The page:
Yesterday when I returned from work, I peered into the garage to find my wife and good friend Lucas discussing the fact that I continue to eat like I am running 120 miles a week, when in actuality, I run closer to zero miles a week.  Laughing at my putrid state of fitness they pieced together our new "Freemotion 730" treadmill.  Aptly named, this machine might really have the power to free me from my current state of sloth.  Being the father of a two year old, while working a demanding teaching job, and commuting nearly 50 miles a day, leaves few daylight hours to run.  And since I am not a huge fan of hitting the icy sidewalks with the headlamp in the wee hours of the morn or the waning hours of the eve, I find myself in a daily predicament; when am I to run?  Lately my solution to this problem has been  simple...don't run.  Enter the treadmill, my ticket to running freedom.


      Now that my excuses have evaporated, and my belly has grown to Santa sized, I am sufficiently ready to embark on my unstructured training program.  The treadmill will always play second fiddle to the trails, but no longer can I justify watching "Friends" reruns over running.  Now I can get my "Friends" fix while I increase my VO2 Max! I love to run the snowy trails of the area ski mountains, or the packed powder winter trail loops, and I don't even mind running the bike paths and back roads through the winter season, but it is my new treadmill that has liberated my running for the moment.  Let's hope that since I have commenced motion, the second half of Newton's law will ring true, and this object in motion, will stay in motion.

   

Monday, November 19, 2012

Running

Running.  It's been a part of my life for as long as I can remember.  Like all carefree kids I ran to play the games of my youth, but running was also a game in and of itself.  I lived on a sage studded hillside near Snowmass, Colorado known as Brush Creek.  This meant that a mile long course of scrub oaks and shale bluffs lay between my house and the school bus stop.  What could be more fun than ripping down the hill each day, hurdling the sage brush, blasting through the snow, swinging around Aspen trees while pretending to be some super-rad-pro-racer guy!  I was racing fictitious competitors, and I was racing myself.  I never wore a watch, but I did show up bloody to my first period class once, only to be sent home with a mild concussion from a less than graceful tumble onto an unforgiving rock.   Mishaps like this failed to slow down my thirst for running.  I ran because I could.  I ran because it felt good.  Running fed my soul and made me feel free.  Most of all running put my mind in a beautiful space.  I ran because it brought me joy.

Since those youthful days running has continued to play a major role in my life.  Around my ninth birthday I discovered that not only did I like running, but I also had a talent for it.  I ran a local 5K and won my age group.  Unknowingly, running had shifted from pure joyous play to something different...competition.  I had always been competitive, but now I had found something that I could beat most kids my age at, and that fed my developing ego, giving running a new purpose in my life.  I liked winning, so I slowly turned my attention toward that end.  I became a state champion in high school and an all-American in college.  I dedicated much of what I did, and a large part of who I was to running.  If you asked me about myself, surely, one the first things out of my mouth would have been, "I am a runner".  I was still running because I loved to run, but now I was also running because it defined who I was.

Eventually injury struck and derailed my efforts to earn a marathon trials qualifying mark for the 2000 trials.  I had weathered many setbacks throughout my college career, but this blow proved more significant.  I had defined myself as a runner and now I couldn't run.  Who was I then?  Unable to really answer this question, I stepped away from competition and began coaching.  On one level this meant that I was giving back to the sport, but I was still intensely competitive and began to measure myself by the achievements of my athletes.  Eventually I stepped away from coaching and running altogether, entering a dark period of my life where I made some poor life decisions.  Running had always been a part of my life, and in its absence I struggled to understand who I was and how to find happiness.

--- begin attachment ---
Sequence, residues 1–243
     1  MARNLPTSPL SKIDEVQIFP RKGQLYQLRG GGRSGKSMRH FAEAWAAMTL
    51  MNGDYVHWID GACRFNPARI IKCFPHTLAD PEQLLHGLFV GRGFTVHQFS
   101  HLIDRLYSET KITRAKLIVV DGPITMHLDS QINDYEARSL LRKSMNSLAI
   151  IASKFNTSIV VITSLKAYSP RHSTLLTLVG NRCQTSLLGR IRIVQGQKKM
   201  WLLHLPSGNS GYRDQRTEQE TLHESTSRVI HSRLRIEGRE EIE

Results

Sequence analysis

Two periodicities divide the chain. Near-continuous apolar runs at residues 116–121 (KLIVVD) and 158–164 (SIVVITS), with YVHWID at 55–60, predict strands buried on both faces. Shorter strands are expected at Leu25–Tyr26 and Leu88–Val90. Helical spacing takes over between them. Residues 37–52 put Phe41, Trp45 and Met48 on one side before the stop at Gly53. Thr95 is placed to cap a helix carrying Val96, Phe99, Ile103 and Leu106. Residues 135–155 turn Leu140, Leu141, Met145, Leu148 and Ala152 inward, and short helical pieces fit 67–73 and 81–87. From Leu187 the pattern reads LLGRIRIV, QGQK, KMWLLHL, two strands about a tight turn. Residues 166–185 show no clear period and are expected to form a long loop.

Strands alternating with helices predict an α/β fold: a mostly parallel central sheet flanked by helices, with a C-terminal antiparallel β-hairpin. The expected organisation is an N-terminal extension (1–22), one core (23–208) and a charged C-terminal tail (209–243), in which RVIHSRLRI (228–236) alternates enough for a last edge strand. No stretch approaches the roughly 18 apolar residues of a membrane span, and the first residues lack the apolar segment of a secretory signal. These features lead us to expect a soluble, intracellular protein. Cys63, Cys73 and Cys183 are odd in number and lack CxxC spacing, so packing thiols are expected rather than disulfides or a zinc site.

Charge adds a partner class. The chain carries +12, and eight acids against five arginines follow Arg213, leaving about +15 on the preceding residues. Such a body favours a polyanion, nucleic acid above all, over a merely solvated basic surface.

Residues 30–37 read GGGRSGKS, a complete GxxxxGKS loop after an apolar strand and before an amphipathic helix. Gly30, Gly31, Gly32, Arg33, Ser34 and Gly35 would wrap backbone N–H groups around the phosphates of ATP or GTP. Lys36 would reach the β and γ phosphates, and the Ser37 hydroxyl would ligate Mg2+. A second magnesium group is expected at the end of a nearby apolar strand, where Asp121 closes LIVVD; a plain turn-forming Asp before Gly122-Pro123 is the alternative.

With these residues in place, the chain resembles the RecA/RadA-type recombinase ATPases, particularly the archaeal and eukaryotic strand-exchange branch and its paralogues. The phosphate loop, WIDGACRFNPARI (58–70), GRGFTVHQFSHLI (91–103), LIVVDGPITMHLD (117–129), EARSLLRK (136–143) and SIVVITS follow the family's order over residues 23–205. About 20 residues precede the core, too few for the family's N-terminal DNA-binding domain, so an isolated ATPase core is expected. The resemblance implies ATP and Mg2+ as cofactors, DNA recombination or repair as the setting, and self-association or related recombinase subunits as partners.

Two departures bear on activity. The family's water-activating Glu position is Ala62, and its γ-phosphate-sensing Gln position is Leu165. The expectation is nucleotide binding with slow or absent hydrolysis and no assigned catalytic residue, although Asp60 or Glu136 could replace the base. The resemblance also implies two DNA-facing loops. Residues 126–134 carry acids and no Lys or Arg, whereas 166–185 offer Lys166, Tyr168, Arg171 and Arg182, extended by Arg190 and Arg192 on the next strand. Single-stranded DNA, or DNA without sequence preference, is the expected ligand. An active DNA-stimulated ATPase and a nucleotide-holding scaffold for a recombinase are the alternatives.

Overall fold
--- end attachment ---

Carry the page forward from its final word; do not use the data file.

However, running loomed in the background, always beckoning me to rediscover its magic.  In 2007, after a couple of years of no running whatsoever, I did just that.  I made the audacious decision to run the Leadville 100.  I gave myself a two year timeframe to complete the goal and I laced up my shoes and ran.  I had to walk the final part of that first run, a 5K loop, but running was again a part of my life and I felt reinvigorated.  Since my return to running, I have successfully completed every one of the ultras I have started, including four 100 mile races.  This season was particularly successful, with a sub sixteen hour run at the fabled Western States 100 and a runner-up finish at the Leadville 100 in a time good enough for the fourth fastest on the all time list.  Running, particularly running ultra-marathons, helped lead me away from my place of despair and propelled me to amazing heights.  When I was a kid I had run for the pure joy of running, and while that still exists today in my running, I worried that I had reverted to that same one dimensional person solely defined by my running exploits.  Who is Zeke Tiernan when you shed the running accolades?

With this in mind, I made the decision to bring my running back to its roots.  In 2013 I will not: run any races, wear a watch, keep any kind of running log, or plan any workouts.  However, I will: jump lots of sage brush, splash in many a stream, glissade as much as possible, and only run when I feel like it.  I want to run for running's sake.  I have paid lip service to this idea for years, but when I am truly honest, I run for the competition as much as anything else.  I want to be the little kid on the trails, not the serious athlete.  Running has the potential to make me a better person, not through winning the Leadville 100, like my ego craves, but through rediscovering running.  I want to run because I can.  I want to run because it feels good.  Running feeds my soul and makes me feel free.  Most of all running puts my mind in a beautiful space.   I am going to run because it brings me joy!